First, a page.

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The value of sleep

You might think this is an arbitrary blog. But this is how I see it:

Dark, cozy room + quality of sleep = happier people.

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And that’s what I’m about; making people happier. Oh and here at Gordon’s we can help with the ‘dark, cozy room’. Our EcoSmart cellular, room-darkening shades will practically tuck you in. *wink*

I found this by Alyssa Sparacino on health.com  (And I whole-hardheartedly agree.)

Sleep makes you feel better, but its importance goes way beyond just boosting your mood or banishing under-eye circles. Adequate sleep is a key part of a healthy lifestyle, and can benefit your heart, weight, mind, and more.  “Sleep used to be kind of ignored, like parking our car in a garage and picking it up in the morning,” says David Rapoport, MD, director of the NYU Sleep Disorders Program.  Not anymore. Here are some health benefits researchers have discovered about a good night’s sleep.

Improve memory

Your mind is surprisingly busy while you snooze. During sleep you can strengthen memories or “practice” skills learned while you were awake (it’s a process called consolidation). “If you are trying to learn something, whether it’s physical or mental, you learn it to a certain point with practice,” says Dr. Rapoport, who is an associate professor at NYU Langone Medical Center. “But something happens while you sleep that makes you learn it better.” In other words if you’re trying to learn something new—whether it’s Spanish or a new tennis swing—you’ll perform better after sleeping.

Live longer?

Too much or too little sleep is associated with a shorter lifespan—although it’s not clear if it’s a cause or effect. (Illnesses may affect sleep patterns too.)

In a 2010 study of women ages 50 to 79, more deaths occurred in women who got less than five hours or more than six and a half hours of sleep per night.

“Many things that we take for granted are affected by sleep,” says Raymonde Jean, MD, director of sleep medicine and associate director of critical care at St. Luke’s-Roosevelt Hospital Center in New York City. “If you sleep better, you can certainly live better. It’s pretty clear.”

Spur creativity

Get a good night’s sleep before getting out the easel and paintbrushes or the pen and paper.

In addition to consolidating memories, or making them stronger, your brain appears to reorganize and restructure them, which may result in more creativity as well.

Researchers at Harvard University and Boston College found that people seem to strengthen the emotional components of a memory during sleep, which may help spur the creative process.

Sharpen attention

A lack of sleep can result in ADHD-like symptoms in kids, Dr. Rapoport says. “Kids don’t react the same way to sleep deprivation as adults do,” he adds. “Whereas adults get sleepy, kids tend to get hyperactive.”

A 2009 study in the journal Pediatrics found that children ages seven and eight who got less than about eight hours of sleep a night were more likely to be hyperactive, inattentive, and impulsive.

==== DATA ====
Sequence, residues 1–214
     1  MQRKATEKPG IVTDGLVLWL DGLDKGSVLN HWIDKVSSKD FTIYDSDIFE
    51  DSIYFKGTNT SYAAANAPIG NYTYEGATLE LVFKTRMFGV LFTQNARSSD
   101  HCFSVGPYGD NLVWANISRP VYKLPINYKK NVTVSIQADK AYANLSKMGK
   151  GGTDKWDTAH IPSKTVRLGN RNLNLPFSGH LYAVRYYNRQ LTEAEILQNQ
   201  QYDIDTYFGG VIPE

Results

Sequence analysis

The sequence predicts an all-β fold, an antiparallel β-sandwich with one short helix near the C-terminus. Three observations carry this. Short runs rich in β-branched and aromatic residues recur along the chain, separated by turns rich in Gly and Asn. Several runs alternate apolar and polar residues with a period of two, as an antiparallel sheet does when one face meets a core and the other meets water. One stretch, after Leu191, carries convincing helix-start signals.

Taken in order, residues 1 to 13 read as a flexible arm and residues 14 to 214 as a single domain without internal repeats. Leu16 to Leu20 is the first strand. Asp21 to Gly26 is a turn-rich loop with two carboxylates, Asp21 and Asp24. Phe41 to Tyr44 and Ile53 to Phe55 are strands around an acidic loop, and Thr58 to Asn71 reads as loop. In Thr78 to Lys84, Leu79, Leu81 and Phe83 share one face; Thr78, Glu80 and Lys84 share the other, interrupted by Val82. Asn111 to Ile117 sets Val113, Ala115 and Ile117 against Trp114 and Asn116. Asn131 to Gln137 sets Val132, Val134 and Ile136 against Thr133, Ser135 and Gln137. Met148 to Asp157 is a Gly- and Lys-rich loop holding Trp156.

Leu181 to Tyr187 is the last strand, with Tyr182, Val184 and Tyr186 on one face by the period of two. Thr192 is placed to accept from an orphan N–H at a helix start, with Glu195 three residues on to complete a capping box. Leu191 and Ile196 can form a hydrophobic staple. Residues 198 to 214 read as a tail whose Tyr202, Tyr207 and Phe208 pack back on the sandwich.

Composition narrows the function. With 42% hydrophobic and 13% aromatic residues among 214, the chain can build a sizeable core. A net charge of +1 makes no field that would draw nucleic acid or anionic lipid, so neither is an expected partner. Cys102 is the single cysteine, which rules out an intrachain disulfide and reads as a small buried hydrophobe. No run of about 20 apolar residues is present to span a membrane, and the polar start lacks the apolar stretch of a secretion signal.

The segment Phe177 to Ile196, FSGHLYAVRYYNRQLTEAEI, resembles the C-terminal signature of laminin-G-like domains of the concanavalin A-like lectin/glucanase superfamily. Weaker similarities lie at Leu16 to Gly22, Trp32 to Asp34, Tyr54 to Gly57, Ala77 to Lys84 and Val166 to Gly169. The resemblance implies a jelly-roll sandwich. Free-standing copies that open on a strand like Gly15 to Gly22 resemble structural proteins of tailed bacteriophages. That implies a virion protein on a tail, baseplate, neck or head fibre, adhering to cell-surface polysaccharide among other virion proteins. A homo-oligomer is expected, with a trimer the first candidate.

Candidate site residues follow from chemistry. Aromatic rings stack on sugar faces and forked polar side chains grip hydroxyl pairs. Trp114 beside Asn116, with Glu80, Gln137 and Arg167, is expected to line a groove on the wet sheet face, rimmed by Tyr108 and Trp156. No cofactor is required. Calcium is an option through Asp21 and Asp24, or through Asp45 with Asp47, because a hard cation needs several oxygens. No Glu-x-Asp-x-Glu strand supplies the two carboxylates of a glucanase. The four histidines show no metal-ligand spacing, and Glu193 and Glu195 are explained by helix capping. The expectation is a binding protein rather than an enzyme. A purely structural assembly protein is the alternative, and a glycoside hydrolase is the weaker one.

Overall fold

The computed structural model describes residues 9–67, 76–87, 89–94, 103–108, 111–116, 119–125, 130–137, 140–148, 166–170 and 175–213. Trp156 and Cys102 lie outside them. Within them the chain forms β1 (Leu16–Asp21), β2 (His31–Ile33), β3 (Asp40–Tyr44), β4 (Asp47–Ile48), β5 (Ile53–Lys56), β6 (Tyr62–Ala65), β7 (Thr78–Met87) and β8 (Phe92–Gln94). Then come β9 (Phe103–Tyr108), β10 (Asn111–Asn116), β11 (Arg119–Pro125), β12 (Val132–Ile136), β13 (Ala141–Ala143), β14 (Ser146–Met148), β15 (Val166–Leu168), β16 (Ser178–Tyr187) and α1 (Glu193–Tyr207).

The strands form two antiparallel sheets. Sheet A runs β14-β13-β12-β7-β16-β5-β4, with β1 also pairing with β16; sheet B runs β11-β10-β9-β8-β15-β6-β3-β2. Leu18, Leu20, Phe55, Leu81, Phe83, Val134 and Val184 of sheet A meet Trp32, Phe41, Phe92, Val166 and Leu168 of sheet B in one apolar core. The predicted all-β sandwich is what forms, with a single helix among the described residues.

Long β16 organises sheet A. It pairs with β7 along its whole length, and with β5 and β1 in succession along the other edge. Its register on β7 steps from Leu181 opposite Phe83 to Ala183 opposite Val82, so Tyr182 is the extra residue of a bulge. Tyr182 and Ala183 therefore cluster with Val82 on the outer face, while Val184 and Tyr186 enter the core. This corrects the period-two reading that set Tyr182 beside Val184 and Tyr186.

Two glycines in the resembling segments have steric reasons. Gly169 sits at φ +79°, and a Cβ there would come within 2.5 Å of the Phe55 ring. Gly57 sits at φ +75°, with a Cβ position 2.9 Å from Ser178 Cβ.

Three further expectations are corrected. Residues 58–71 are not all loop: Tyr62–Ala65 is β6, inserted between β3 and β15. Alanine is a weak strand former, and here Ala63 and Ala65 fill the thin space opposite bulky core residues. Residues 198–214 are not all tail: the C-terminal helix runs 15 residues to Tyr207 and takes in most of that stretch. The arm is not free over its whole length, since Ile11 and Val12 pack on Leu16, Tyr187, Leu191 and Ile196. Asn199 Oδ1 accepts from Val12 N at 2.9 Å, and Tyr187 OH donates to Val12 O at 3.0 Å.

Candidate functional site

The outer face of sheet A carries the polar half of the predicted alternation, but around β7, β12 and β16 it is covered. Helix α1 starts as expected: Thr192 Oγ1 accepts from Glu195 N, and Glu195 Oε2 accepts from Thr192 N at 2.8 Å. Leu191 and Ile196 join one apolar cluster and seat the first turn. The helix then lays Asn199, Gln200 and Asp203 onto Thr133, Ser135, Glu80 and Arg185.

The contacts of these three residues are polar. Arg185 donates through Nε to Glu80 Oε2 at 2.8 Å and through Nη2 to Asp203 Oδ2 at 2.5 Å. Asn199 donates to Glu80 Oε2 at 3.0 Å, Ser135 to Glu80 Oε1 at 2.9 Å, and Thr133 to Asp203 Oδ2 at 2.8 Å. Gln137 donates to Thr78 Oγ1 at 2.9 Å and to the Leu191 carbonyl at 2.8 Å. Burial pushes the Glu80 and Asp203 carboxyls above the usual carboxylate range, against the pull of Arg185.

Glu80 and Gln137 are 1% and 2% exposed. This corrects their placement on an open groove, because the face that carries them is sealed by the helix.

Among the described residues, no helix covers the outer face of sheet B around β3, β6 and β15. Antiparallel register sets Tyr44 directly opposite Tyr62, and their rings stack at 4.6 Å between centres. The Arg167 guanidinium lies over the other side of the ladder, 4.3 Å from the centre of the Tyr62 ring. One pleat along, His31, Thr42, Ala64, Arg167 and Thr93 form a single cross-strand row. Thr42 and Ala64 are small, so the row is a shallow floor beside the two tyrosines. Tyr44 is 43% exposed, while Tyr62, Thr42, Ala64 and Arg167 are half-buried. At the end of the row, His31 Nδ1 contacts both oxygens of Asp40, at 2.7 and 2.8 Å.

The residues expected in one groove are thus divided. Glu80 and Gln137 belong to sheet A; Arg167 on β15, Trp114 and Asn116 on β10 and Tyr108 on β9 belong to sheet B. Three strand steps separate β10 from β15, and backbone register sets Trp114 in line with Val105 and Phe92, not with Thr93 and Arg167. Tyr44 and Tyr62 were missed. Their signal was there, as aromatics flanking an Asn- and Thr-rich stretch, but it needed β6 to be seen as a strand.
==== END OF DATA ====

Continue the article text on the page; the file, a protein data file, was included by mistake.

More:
“We diagnose and measure sleep by measuring electrical changes in the brain,” Dr. Rapoport says. “so not surprisingly how we sleep affects the brain.”

Have a healthy weight

If you are thinking about going on a diet, you might want to plan an earlier bedtime too.

Researchers at the University of Chicago found that dieters who were well rested lost more fat—56% of their weight loss—than those who were sleep deprived, who lost more muscle mass. (They shed similar amounts of total weight regardless of sleep.)

Dieters in the study also felt more hungry when they got less sleep.

“Sleep and metabolism are controlled by the same sectors of the brain,” Dr. Rapoport says. “When you are sleepy, certain hormones go up in your blood, and those same hormones drive appetite.”

Lower stress

When it comes to our health stress and sleep are nearly one and the same—and both can affect cardiovascular health.

“Sleep can definitely reduce levels of stress, and with that people can have better control of their blood pressure,” Dr. Jean says. “it’s also believed that sleep effects cholesterol levels, which plays a significant role in heart disease.”

Steer clear of depression

Sleeping well means more to our overall well-being than simply avoiding irritability.

“A lack of sleep can contribute to depression,” Dr. Jean says. “A good night’s sleep can really help a moody person decrease their anxiety. You get more emotional stability with good sleep.”

If you think the long hours put in during the week are the cause of your anxiety or impatience, Dr. Rapoport warns that sleep cannot necessarily be made up during the weekend.

“If you sleep more on the weekends, you simply aren’t sleeping enough in the week,” he says. “It’s all about finding a balance.”

Let us help you find the balance!

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